Septimius Severus

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Emperor Septimius Severus; Marble

Lucius Septimius Severus (11 April 145 – 4 February 211), commonly known as Septimius Severus or "Severus", was Roman Emperor from 193 to 211.

Quotes[edit]

  • While we were engaged in voting eulogies to Euodus, Severus restrained us by saying: "It is disgraceful that in one of your decrees there should be inscribed such a statement respecting a man that is a Caesarian." It was not the only instance of such an attitude, but he also refused to allow all the other imperial freedmen either to be insolent or to swagger; for this he was commended. The senate once, while chanting his praises, uttered without reserve no less a sentiment than this: "All do all things well since you rule well!"
    • Cassius Dio, Book 77, Part 6.
  • "Let none escape utter destruction At our hands. Yea, whatso is found in the womb of the mother, Child unborn though it be, let it not escape utter destruction!"
    • Cassios Dio, Book 77, Part 15.
  • "Be harmonious, enrich the soldiers, scorn everybody else."
    • Statement made on his deathbed to his sons.
    • Cassios Dio, Book 77, Part 16.
  • "You see by what has happened that we are superior to you in intelligence, in size of army, and in number of supporters. Surely you were easily trapped, captured without a struggle. It is in my power to do with you what I wish when I wish. Helpless and prostrate, you lie before us now, victims of our might. But if one looks for a punishment equal to the crimes you have committed, it is impossible to find a suitable one. You murdered your revered and benevolent old emperor, the man whom it was your sworn duty to protect. The empire of the Roman people, eternally respected, which our forefathers obtained by their valiant courage or inherited because of their noble birth, this empire you shamefully and disgracefully sold for silver as if it were your personal property. But you were unable to defend the man whom you yourselves had chosen as emperor. No, you betrayed him like the cowards you are. For these monstrous acts and crimes you deserve a thousand deaths, if one wished to do to you what you have earned. You see clearly what it is right you should suffer. But I will be merciful. I will not butcher you.My hands shall not do what your hands did. But I say that it is in no way fit or proper for you to continue to serve as the emperor's bodyguard, you who have violated your oath and stained your hands with the blood of your emperor and fellow Roman, betraying the trust placed in you and the security offered by your protection. Still, compassion leads me to spare your lives and your persons. But I order the soldiers who have you surrounded to cashier you, to strip off any military uniform or equipment you are wearing, and drive you off naked. 9. And I order you to get yourselves as far from the city of Rome as is humanly possible, and I promise you and I swear it on solemn oath and I proclaim it publicly that if any one of you is found within a hundred miles of Rome, he shall pay for it with his head."
    • Herodian, Book II.
  • "Let no one charge us with capricious inconsistency in our actions against Albinus, and let no one think that I am disloyal to this alleged friend or lacking in feeling toward him. 2. We gave this man everything, even a share of the established empire, a thing which a man would hardly do for his own brother. Indeed, I bestowed upon him that which you entrusted to me alone. Surely Albinus has shown little gratitude for the many benefits I have lavished upon him. 3. Now |87 he is collecting an army to take up arms against us, scornful of your valor and indifferent to his pledge of good faith to me, wishing in his insatiable greed to seize at the risk of disaster that which he has already received in part without war and without bloodshed, showing no respect for the gods by whom he has often sworn, and counting as worthless the labors you performed on our joint behalf with such courage and devotion to duty. 4. In what you accomplished, he also had a share, and he would have had an even greater share of the honor you gained for us both if he had only kept his word. For, just as it is unfair to initiate wrong actions, so also it is cowardly to make no defense against unjust treatment. Now when we took the field against Niger, we had reasons for our hostility, not entirely logical, perhaps, but inevitable. We did not hate him because he had seized the empire after it was already ours, but rather each one of us, motivated by an equal desire for glory, sought the empire for himself alone, when it was still in dispute and lay prostrate before all. 5. But Albinus has violated his pledges and broken his oaths, and although he received from me that which a man normally gives only to his son, he has chosen to be hostile rather than friendly and belligerent instead of peaceful. And just as we were generous to him previously and showered fame and honor upon him, so let us now punish him with our arms for his treachery and cowardice. 6. His army, small and island-bred, will not stand against your might. For you, who by your valor and readiness to act on your own behalf have been victorious in many battles and have gained control of the entire East, how can you fail to emerge victorious with the greatest of ease when you have so large a number of allies and when virtually the entire army is here. Whereas they, by contrast, are few in number and lack a brave and competent general to lead them. 7. Who does not know Albinus' effeminate nature? Who does not know that his way |88 of life has prepared him more for the chorus than for the battlefield? Let us therefore go forth against him with confidence, relying on our customary zeal and valor, with the gods as our allies, gods against whom he has acted impiously in breaking his oaths, and let us be mindful of the victories we have won, victories which that man ridicules."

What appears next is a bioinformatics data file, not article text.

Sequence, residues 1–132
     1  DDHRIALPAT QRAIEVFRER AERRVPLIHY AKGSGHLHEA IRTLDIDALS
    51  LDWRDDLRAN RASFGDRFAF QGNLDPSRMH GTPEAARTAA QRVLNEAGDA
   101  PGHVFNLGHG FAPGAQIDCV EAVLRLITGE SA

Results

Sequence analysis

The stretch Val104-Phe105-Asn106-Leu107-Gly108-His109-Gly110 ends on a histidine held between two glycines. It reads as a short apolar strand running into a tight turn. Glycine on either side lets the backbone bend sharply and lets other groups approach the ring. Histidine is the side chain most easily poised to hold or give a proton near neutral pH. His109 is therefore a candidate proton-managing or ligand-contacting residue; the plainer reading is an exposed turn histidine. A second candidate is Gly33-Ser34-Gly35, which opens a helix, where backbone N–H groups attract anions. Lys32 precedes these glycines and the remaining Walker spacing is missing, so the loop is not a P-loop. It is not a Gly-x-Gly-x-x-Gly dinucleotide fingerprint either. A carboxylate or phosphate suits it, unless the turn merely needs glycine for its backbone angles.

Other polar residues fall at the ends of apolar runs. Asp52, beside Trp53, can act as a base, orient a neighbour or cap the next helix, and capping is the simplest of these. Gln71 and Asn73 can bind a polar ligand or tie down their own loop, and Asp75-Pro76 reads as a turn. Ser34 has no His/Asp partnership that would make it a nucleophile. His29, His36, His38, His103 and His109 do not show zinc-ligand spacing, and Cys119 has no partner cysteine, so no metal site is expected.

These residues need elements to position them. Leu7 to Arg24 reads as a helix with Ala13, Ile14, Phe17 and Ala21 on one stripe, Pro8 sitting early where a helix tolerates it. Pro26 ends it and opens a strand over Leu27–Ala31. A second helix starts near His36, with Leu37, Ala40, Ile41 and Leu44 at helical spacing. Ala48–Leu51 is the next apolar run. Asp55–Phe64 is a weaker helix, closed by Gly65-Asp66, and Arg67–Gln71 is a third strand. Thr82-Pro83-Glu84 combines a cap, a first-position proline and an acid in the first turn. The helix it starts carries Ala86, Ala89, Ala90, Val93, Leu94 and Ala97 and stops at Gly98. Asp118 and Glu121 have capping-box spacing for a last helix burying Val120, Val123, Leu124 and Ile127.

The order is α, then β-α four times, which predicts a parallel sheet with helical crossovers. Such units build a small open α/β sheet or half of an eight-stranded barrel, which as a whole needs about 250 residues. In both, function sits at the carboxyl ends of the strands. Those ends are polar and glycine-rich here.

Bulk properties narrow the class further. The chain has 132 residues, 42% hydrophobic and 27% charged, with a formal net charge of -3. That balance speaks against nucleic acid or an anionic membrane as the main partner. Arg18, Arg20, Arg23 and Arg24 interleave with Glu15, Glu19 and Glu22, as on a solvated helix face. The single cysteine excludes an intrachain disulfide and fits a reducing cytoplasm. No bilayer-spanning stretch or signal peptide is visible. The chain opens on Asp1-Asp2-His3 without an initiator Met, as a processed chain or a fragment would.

• Herodian, Book 3, Chapter 6.